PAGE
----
Jazz Chisholm Jr. watched Jacob deGrom’s first 100 mile-per-hour fastball whiz by and wasn’t impressed.
“People were saying, ‘It’s an angry 100, it gets on you,’” the Marlins’ brazen, blue-haired Bahamian said. “It didn’t really get on me like I was expecting.”
“Some people’s 100 is a little lighter,” he added. “To me, it felt like he was on the lighter side.”
Safe to say, Miami’s youngsters don’t scare easily.
Chisholm hit a stunning homer off an otherwise dominant deGrom, Trevor Rogers beat the two-time Cy Young Award winner for the second time and the Marlins blanked the Mets, 3-0, Saturday.
DeGrom (0-1) matched a career best with 14 strikeouts over eight innings, the 23-year-old Rogers (1-1) fanned 10 in six and the teams combined for 28 overall strikeouts.
For a while, the difference was Chisholm’s rip in the second inning.
DeGrom looked unhittable early — until the 23-year-old Chisholm barreled a 100.4 m.p.h., 0-2 fastball thrown above the strike zone. The left-handed hitter’s drive reached the second deck in right field for a 1-0 lead and was estimated at 402 feet.
Chisholm took a 100 m.p.h. strike to start the at-bat, then found himself swinging too quick for a 99 mph pitch. He claims he was looking for something off-speed when deGrom reached back for a third straight heater — 100 above the letters.
“He threw me a fastball up and I just reacted to it,” said Chisholm, who called deGrom the best pitcher in baseball. “Got my hands above the ball, and yeah, it was a homer.”
It was the first 0-2 home run deGrom has allowed in the majors.
“He sold out for it,” deGrom said. “Probably should have done a better job recognizing he was going to try to get to that fastball.”
Rays Continue to Frustrate Yankees
ST. PETERSBURG, Fla. — The Tampa Bay Rays keep finding ways to frustrate the Yankees.
Austin Meadows and Randy Arozarena homered off Domingo German, helping the Rays extend their mastery over their A.L. East rivals with a 4-0 victory on Saturday.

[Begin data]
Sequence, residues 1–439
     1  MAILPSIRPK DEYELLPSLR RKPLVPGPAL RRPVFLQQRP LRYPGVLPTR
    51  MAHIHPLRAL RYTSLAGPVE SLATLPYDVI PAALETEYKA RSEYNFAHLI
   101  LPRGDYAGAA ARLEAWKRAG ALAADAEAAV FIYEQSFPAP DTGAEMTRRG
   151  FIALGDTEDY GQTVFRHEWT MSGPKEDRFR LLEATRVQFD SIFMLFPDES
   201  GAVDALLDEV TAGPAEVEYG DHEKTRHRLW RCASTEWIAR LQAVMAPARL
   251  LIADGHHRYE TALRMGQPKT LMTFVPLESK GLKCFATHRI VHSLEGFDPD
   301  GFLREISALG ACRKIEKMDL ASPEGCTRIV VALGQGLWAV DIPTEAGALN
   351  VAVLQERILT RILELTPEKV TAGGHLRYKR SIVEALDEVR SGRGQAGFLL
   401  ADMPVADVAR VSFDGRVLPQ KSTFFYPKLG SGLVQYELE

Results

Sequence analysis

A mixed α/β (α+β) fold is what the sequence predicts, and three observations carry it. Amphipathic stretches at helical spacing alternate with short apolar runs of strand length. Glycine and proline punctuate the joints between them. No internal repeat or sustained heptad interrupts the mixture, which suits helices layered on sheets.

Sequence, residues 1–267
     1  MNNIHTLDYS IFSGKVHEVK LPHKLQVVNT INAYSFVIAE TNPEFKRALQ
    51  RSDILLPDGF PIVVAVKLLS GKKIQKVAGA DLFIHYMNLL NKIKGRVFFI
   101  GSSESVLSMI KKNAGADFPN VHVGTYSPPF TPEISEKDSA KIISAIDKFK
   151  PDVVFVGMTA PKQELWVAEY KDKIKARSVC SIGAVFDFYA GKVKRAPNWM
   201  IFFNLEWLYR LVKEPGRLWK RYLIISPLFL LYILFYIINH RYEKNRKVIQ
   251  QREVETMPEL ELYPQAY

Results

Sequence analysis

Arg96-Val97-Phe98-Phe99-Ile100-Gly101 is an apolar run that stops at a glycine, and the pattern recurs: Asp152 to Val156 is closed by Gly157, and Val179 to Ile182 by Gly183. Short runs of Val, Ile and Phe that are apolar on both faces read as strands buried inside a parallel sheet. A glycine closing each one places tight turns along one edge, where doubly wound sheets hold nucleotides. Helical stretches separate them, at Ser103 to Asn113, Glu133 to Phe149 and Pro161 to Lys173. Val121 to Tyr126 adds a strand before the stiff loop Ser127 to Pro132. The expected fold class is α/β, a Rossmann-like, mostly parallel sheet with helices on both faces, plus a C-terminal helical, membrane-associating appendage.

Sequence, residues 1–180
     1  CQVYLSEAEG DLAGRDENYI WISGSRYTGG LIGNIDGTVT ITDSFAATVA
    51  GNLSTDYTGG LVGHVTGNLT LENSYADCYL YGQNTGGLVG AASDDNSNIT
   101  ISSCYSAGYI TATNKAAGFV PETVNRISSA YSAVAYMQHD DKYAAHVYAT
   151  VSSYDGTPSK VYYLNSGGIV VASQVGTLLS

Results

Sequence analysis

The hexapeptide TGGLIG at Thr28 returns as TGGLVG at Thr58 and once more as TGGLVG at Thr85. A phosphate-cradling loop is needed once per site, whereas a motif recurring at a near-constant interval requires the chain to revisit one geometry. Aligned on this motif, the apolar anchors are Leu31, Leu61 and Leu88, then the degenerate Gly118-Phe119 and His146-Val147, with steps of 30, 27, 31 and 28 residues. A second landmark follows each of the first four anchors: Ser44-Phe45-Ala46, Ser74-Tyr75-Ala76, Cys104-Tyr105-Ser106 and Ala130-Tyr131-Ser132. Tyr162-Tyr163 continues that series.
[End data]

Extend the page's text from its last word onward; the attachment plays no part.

The Rays have won 10 of 12 regular-season games between the teams since the start of 2020. Tampa Bay also eliminated the Yankees from last year’s playoffs in a five-game series that went the distance.
Six Tampa Bay pitchers combined to limit the Yankees to five hits, with an injury-riddled bullpen delivering a strong performance after starter Chris Archer departed with a forearm injury that landed him on the 10-day injured list.
“Any time you shut out a team in major league baseball, it’s saying something,” Manager Kevin Cash said. “When you do it in that fashion against that lineup, it’s really saying something.”
Yankees slugger Aaron Judge returned to the lineup after missing two games because of soreness in his left side. He went 1 for 4 with two strikeouts. His fifth-inning single was the Yankees’ final hit of the game.
“We just couldn’t muster anything with the opportunities we had,” Manager Aaron Boone said. “Collectively, we have to be better as a group.”
German allowed four runs and eight hits in four innings, walking one and striking out five. After looking sharp in spring training, the right-hander has yielded four homers in seven innings over two starts to this season.
After the game, he was optioned to the Yankees’ alternate training site.
German missed all of 2020 while serving the remainder of an 81-game suspension for violating Major League Baseball’s domestic violence policy in 2019. He rejected the notion that there’s some lingering rustiness as a result of not pitching last year.
“I feel really good, but that’s how it goes,” German said through a translator. “Hitters make adjustments (in the regular season) and pitchers have to make adjustments. It’s up to me to make the right adjustments.”